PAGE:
A recent case of the Court of Justice of the European Union (CJEU) has raised an interesting question as to whether employees are entitled to be paid for time spent commuting to and from work where they have no fixed place of work?
The Tyco case involved a security company whose employees were employed to install and maintain security equipment at clients’ premises within a specific territory assigned to them. The employees had no fixed commute as their employer had closed down its regional offices. Instead, employees could be required to travel up to 100 km to their first job of the day, which depending on traffic could take up to three hours. The employer did not accept such travelling time was working time and instead deemed the working day to begin only when the employee arrived at the first client’s premises and finish when the employee left the last client of the day.
The CJEU disagreed with the employer and instead held that time spent travelling to and from work for employees who do not have a fixed place of work is working time for the purposes of the EU Working Time Directive. The CJEU stated that the employees were at their employer’s disposal during such time spent travelling.
The CJEU did not accept, however, that employees must necessarily be paid for this commuting time. It explained that the purpose of the EU Working Time Directive is to regulate the health and safety of employees and not to regulate remuneration (save as it affects annual leave provisions).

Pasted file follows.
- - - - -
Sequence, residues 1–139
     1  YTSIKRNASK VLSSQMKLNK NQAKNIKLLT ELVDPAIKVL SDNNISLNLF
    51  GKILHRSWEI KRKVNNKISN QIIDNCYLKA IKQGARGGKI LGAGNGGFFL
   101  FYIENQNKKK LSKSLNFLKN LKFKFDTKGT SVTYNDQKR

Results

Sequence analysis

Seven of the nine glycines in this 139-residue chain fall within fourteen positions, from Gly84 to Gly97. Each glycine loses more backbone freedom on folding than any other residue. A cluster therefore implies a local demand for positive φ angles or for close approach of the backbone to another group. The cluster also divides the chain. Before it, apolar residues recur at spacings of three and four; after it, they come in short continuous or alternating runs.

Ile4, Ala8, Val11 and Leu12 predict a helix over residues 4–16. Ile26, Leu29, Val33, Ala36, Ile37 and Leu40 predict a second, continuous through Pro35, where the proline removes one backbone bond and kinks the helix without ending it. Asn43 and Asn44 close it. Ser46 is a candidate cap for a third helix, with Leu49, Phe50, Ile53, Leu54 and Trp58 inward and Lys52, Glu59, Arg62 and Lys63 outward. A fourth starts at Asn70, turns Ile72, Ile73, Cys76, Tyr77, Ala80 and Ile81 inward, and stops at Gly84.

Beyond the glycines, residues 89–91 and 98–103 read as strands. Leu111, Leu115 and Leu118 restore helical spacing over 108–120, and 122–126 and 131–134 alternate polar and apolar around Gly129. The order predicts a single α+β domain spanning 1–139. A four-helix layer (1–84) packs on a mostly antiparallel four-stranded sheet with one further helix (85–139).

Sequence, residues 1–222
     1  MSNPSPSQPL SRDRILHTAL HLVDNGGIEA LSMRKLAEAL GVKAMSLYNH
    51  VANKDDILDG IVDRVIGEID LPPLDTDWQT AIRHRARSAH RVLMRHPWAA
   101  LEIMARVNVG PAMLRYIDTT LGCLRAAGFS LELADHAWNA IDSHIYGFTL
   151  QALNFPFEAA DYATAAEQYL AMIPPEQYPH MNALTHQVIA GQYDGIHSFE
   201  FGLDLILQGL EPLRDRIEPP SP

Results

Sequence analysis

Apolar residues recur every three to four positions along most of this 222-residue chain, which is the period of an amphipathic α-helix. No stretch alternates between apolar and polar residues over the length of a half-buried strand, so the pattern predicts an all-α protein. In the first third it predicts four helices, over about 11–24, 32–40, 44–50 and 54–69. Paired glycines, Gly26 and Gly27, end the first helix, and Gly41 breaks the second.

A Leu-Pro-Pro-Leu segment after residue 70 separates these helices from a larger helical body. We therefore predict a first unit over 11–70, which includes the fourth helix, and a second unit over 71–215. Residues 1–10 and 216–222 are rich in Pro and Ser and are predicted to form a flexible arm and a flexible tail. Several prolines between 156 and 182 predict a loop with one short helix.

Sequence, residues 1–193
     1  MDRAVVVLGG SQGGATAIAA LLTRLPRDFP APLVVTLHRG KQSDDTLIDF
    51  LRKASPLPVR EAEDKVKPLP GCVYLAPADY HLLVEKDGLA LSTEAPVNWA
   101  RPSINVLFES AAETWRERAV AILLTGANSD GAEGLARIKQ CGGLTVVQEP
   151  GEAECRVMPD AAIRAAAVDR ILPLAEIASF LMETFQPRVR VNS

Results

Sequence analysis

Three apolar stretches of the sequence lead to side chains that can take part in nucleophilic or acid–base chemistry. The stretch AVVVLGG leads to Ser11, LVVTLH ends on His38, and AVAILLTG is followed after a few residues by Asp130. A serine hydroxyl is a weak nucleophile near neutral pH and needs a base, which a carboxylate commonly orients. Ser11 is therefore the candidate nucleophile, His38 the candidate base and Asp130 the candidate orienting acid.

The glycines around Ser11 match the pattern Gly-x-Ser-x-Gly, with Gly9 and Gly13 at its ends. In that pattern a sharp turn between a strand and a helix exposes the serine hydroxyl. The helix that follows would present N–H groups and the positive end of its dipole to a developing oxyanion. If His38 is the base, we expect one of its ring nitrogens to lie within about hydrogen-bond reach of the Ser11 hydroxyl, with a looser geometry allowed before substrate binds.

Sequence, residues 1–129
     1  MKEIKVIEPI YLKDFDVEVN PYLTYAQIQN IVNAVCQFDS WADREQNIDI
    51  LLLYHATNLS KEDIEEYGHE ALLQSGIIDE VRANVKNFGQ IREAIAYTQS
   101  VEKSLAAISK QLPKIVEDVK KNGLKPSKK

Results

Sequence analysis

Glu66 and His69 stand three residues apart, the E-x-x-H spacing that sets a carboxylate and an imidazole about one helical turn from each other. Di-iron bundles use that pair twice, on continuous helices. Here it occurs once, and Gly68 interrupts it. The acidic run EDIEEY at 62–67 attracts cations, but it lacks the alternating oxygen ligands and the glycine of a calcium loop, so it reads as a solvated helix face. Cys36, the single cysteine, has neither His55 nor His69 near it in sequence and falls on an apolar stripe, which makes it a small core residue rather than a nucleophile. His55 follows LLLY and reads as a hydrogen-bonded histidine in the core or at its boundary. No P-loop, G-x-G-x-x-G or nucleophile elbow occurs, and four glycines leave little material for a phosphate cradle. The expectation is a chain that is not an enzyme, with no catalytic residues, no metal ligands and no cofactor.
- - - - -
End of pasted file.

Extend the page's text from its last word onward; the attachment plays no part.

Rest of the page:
In Ireland, the Organisation of Working Time Act 1997 implements the EU Working Time Directive into Irish law. The Labour Court has considered the position of commuting in a number of cases. The Labour Court’s current position appears to be that time spent travelling to the place of work is not working time and the definition of ‘working time’ appears to only cover time when the employee is actually carrying out the activities of their employer. This position appears to conflict with the position as outlined by the CJEU in the Tyco case where the employee has no fixed place of work.
While the EU Working Time Directive and the decisions of the CJEU do not apply directly to private sector companies, the Labour Court will be influenced by the CJEU’s decision in the Tyco case. The definition of ‘working time’ in the Directive and the 1997 Act are similar.
Neither private sector nor public sector employers will be required by EU legislation or the Tyco decision to pay employees for this travel time. Whether an employer decides to do so in Ireland will be a decision for individual employers in line with their contractual obligations or subject to any collective agreement in place.
As regards calculating the Irish national minimum wage, the definition of ‘working time’ in the National Minimum Wage Act 2000 specifically excludes time spent travelling to and from the ‘place of work’. Unfortunately that Act does not define the ‘place of work’ and therefore the question can be asked whether the exclusion covers the position of employees who have no fixed place of work, such as in the Tyco case.
Finally, please note that workers involved in road transport are covered by separate legislation.
This article is intended to provide only general information for the clients and professional contacts of Maples and Calder. It does not purport to be comprehensive or to render legal advice
James Scanlon is Head of Employment Law at Maples and Calder’s Dublin office and was assisted by Sinéad Egan, Associate. Should you have any queries on this or any employment matter please contact James or your usual Maples contact.
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